The maritime transportation is a vital artery of international trade, driving the exchange of goods and products that sustain our economy. However, this constant flow of goods is not without risk, especially when it comes to the transport of hazardous materials .

To ensure the safety of navigation, the protection of the environment and the health of people in ports and on board ships, the International Maritime Organization (IMO) has established a comprehensive set of regulations: the IMO Dangerous Goods Classification.

Throughout this comprehensive guide to the IMDG Code (International Maritime Dangerous Goods Code), we will explore the different categories of dangerous goods, labeling and packaging requirements, essential documentation and the responsibilities of the parties involved.

Get ready to acquire an in-depth knowledge of the IMO Dangerous Goods Classification, a fundamental tool to ensure safety and efficiency in the maritime transport of dangerous goods.


What is the IMDG code, the IMO Dangerous Goods Classification?

The IMO Dangerous Goods Classification, also known as the IMDG Code (International Maritime Dangerous Goods Code), is a set of international regulations established by the International Maritime Organization (IMO) for the safe transport of dangerous goods by sea.

Its main purpose is to prevent accidents and damages that may arise during the transportation of these goods, thus protecting human life, the environment and property.

The IMDG Code establishes strict criteria for the classification, labeling, packaging, stowage, handling and transport of a wide range of hazardous materials.


Scope of the IMDG Code

The IMDG Code applies to all dangerous goods carried by sea, including:

  • Explosive substances
  • Flammable gases
  • Flammable liquids
  • Flammable solids
  • Oxidizing substances and organic peroxides
  • Toxic and infectious substances
  • Radioactive materials
  • Corrosive substances
  • Miscellaneous hazardous substances


Organizations involved

The development and maintenance of the IMDG Code is a joint effort of IMO and several international organizations, including:

  • International Labor Organization (ILO)
  • World Health Organization (WHO)
  • Economic Commission for Europe (ECE)
  • International Civil Aviation Organization (ICAO)
  • International Hydrographic Organization (IHO)


Collaboration between these organizations ensures that the IMDG Code is kept up to date with the latest scientific and technical developments in the safety of the transport of dangerous goods by sea.


Dangerous goods categories: Navigating the diversity of hazards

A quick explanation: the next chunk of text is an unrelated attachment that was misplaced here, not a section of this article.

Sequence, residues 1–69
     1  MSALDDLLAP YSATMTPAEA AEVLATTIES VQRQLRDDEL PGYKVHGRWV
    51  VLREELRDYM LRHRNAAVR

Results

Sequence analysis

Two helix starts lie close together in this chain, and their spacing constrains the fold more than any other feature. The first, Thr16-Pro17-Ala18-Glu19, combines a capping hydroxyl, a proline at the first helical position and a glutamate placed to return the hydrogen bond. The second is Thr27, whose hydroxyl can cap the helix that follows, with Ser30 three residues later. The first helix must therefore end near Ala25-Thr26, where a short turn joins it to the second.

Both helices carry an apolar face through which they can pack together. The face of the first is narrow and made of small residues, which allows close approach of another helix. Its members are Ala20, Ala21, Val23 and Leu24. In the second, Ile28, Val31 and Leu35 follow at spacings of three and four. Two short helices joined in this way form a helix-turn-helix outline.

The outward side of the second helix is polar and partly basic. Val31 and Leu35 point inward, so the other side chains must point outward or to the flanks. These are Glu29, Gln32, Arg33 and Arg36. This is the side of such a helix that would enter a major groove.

The IMDG Code classifies dangerous goods into nine main classes, each with specific characteristics and hazards. Below is a summary of each class, including examples of products and their associated hazards:


Class 1: Explosives

Characteristics: Substances or devices that can explode under certain conditions.

Examples: Dynamite, fireworks, ammunition.

Hazards: Explosions, fires, projections of fragments.


IMDG Clase 1


Class 2: Gases

Characteristics: Compressed, liquefied or refrigerated gases.


2.1 Flammable gases.

2.2 Non-flammable and inert gases.

2.3 Toxic gases.

Examples: Propane gas, oxygen, chlorine.

Hazards: Asphyxiation, explosions, fire, poisoning.

IMDG Clase 2 - Gases


Class 3: Flammable liquids

Characteristics: Liquids that can easily ignite and give off flammable vapors.


3.1 Flammable liquids with low flash point.

3.2 Flammable liquids with medium flash point.

3.3 Flammable liquids with high flash point.

Examples: Gasoline, acetone, alcohol.

Hazards: Fires, explosions.

IMDG Clase 3 - Liquidos inflamables


Class 4: Flammable solids

Characteristics: Solid substances that can easily ignite and give off flammable gases.


4.1: Flammable solids susceptible to self-heating.

4.2: Substances liable to spontaneous ignition.

4.3: Substances that emit flammable gases when in contact with water.

Examples: Matches, phosphorus, magnesium.

Hazards: Fires, explosions.

IMDG Clase 4


Class 5: Oxidizing substances and organic peroxides

Characteristics: Substances that can easily release oxygen or that can decompose exothermically.


5.1: Oxidizing substances.

5.2: Organic peroxides.

Examples: Hydrogen peroxide, potassium nitrate, sodium chlorate.

Hazards: Fires, explosions, exothermic reactions.

IMDG Clase 5


Class 6: Toxic and Infectious Substances

Characteristics: Substances that can cause harm to human or animal health by ingestion, inhalation, contact with skin or mucous membranes.


6.1: Toxic substances.

6.2: Infectious substances.

Examples: Cyanide, arsenic, viruses, bacteria….

Hazards: Poisoning, infections, diseases.

IMDG Clase 6


Class 7: Radioactive materials

Characteristics: Materials that emit ionizing radiation.


7.1: Radioactive materials of limited activity.

7.2: High activity radioactive materials.

Examples: Uranium, plutonium, radioactive iodine.

Hazards: Radiation exposure, cancer, disease.

IMDG-Clase 7 - Material radiactivo


Class 8: Corrosive substances

Characteristics: Substances that can attack or destroy living tissues or materials by direct contact.


8.1: Substances corrosive to skin.

8.2: Substances corrosive to metals.

8.3: Corrosive substances that can attack other materials.

Examples: Sulfuric acid, sodium hydroxide, ammonia.

Hazards: Burns, eye damage, corrosion of materials.


Class 9: Miscellaneous hazardous substances

Characteristics: Substances which cannot be classified in any of the other classes, but which present specific hazards during transport.

Examples: Substances that give off heat, substances that can spontaneously combust, substances that can emit toxic gases in contact with water.

IMDG-Clase 7,8,9


Dangerous Goods Labeling and Marking: Speaking the Language of Safety